While the rent vs. buy discussion is an ongoing one, we want to take a moment to reflect on some of the financial benefits of homeownership.
As you weigh your options, here are a few things to keep in mind!
Homeownership Builds Equity
The most significant of the financial benefits of homeownership is that you build equity over time. You do this two different ways.
Method #1 is by paying down your mortgage every month. All of the principal you pay is essentially building equity in the home. If you pay $100 towards the loan’s principal, you essentially own $100 more of the house.
Method #2 is created by increasing home values. One of the 2022 housing trends we’re seeing is rising home prices. That’s great for homeowners, as it means they’re building equity. For example, if someone purchased a home for $400K in 2018 and it’s worth $600K in 2022, they’ve built $200K in equity just due to rising home prices!
This is huge because if you sell or refinance your home, you can use that $200K however you want. For example, it can be part of a downpayment on a new home, pay off high-interest credit card debt, or pay your child’s college tuition!
Homeownership Helps Maintain a Steady Budget
The second of the many financial benefits of homeownership is the ability to keep a steady budget.
Rents have risen over the last few years. The Rent of Primary Residence index is already at 361.08 for March 2022, when just last year, the index was 345.72.
In other words, home prices aren’t the only thing going up. Renters also feel the pressure because their monthly rent payments are increasing.
However, homeowners do not need to stress about such things. Assuming you have a fixed-rate mortgage, your monthly payment will never change! So if you paid $1,500 per month five years ago, you’d still be paying $1,500 per month now.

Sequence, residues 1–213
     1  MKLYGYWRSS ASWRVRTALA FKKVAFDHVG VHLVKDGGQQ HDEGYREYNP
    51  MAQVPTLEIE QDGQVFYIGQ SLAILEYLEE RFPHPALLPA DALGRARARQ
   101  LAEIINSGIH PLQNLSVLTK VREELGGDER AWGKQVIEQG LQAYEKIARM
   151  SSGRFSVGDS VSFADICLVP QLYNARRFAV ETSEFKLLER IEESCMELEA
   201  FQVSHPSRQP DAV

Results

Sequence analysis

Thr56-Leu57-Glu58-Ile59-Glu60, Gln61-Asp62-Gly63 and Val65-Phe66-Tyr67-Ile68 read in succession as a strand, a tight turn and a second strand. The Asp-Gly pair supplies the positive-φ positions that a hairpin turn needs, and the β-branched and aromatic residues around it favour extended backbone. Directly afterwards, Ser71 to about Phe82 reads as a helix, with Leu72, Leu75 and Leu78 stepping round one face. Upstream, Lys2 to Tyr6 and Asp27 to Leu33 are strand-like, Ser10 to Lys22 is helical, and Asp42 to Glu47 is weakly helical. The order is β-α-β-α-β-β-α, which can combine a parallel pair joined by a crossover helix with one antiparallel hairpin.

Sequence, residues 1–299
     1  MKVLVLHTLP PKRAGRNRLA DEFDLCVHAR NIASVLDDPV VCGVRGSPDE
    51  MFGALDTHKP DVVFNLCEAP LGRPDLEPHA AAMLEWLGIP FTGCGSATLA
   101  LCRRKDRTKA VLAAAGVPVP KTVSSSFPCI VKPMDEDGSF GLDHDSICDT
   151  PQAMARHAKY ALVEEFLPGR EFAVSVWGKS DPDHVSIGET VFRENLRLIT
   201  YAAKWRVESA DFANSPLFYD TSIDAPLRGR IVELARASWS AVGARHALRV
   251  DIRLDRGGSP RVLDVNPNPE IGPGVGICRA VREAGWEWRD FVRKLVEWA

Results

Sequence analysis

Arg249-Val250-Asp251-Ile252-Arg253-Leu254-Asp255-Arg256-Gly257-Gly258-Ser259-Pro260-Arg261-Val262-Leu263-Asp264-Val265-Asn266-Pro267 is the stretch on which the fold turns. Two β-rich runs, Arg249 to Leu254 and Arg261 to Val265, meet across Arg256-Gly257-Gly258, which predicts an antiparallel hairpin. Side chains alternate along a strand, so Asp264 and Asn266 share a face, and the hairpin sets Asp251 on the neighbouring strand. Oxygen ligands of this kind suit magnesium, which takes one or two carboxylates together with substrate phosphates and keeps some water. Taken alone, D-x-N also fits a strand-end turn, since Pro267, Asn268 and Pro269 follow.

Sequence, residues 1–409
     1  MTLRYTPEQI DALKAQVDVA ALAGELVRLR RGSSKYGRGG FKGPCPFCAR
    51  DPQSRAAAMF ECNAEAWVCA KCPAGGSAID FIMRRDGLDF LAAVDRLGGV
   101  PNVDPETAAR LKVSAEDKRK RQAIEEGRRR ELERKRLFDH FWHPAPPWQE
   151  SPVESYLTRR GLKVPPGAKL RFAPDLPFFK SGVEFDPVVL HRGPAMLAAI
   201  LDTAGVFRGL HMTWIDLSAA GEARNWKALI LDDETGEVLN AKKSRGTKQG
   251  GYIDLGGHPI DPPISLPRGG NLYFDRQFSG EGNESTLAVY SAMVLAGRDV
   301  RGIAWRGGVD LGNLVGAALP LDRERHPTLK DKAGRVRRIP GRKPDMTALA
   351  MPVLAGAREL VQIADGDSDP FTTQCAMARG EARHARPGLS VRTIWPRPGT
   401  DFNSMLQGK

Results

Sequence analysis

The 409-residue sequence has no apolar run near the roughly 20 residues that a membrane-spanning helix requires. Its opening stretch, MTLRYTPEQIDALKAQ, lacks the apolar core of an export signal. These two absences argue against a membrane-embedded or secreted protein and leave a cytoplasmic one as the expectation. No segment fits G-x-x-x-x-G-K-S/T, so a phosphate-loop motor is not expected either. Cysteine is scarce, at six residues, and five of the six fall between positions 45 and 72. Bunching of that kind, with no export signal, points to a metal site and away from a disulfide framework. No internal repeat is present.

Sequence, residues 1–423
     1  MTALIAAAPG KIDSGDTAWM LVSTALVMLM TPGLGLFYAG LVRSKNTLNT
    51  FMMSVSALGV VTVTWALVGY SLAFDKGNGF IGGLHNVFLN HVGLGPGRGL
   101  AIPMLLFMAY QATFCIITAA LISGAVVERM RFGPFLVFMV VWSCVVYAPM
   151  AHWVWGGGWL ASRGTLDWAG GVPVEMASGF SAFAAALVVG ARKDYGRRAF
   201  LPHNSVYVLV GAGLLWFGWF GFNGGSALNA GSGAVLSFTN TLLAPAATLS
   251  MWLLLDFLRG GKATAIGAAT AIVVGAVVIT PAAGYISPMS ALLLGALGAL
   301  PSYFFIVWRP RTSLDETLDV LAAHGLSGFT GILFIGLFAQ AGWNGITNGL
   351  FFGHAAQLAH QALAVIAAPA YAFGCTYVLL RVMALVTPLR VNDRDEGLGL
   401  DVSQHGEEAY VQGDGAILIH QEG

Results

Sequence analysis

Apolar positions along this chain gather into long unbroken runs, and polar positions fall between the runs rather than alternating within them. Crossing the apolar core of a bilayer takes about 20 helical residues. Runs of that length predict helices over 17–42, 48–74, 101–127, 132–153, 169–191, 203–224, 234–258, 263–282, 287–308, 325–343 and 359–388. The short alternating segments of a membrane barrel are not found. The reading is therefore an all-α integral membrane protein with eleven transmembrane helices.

This is great for several reasons.
- It gives you peace of mind, knowing that you won’t suddenly get hit by a 20% increase in your rental contract from your landlord.
- It helps you budget your monthly income and expenses. While surprises such as home maintenance or repairs may pop up, at least you know your monthly payment will remain steady.
- Assuming you make more money over time, your monthly housing expenses may actually take a smaller percentage of your income. If you were making $4,500 a month five years ago and your payment was $1,500, your payment was about 33% of your income. If you make $6,000 a month now, your monthly payment is now only 25% of your income.
In the world of rising rents, a steady mortgage payment may be outstanding for you.
Homeownership Helps Your Credit Score
Several things go into how your credit score is calculated. For example, the number of accounts you have, the type of accounts, and the length of your credit history all play a role.
Your mortgage loan is no exception. It is one of these credit accounts that, assuming the bill is always paid on time, will help your credit score in the long run.
Lenders want their borrowers to be clients who pay their bills responsibly and can manage multiple things at once. Someone who has only ever had one credit account – their student loan – may not look favorable. But someone who has various utilities, a student loan, a car loan, some credit cards, a house in their name – and they’re all paid on time every month – is more attractive. That person is showing financial responsibility.
One of the financial benefits of homeownership is that it gives you the opportunity to have a significant credit account that you pay regularly. This proves you manage your money well and will boost your credit score, ultimately helping you land the best types of mortgage offers from lenders.
These financial benefits of homeownership are just the beginning. However, there are many more ways your wallet can benefit from you being a homeowner!
If you have any questions about the home buying process, we’re here to help! Send us an email at firstname.lastname@example.org or call us at 949-651-6300, and we’ll walk you through the process.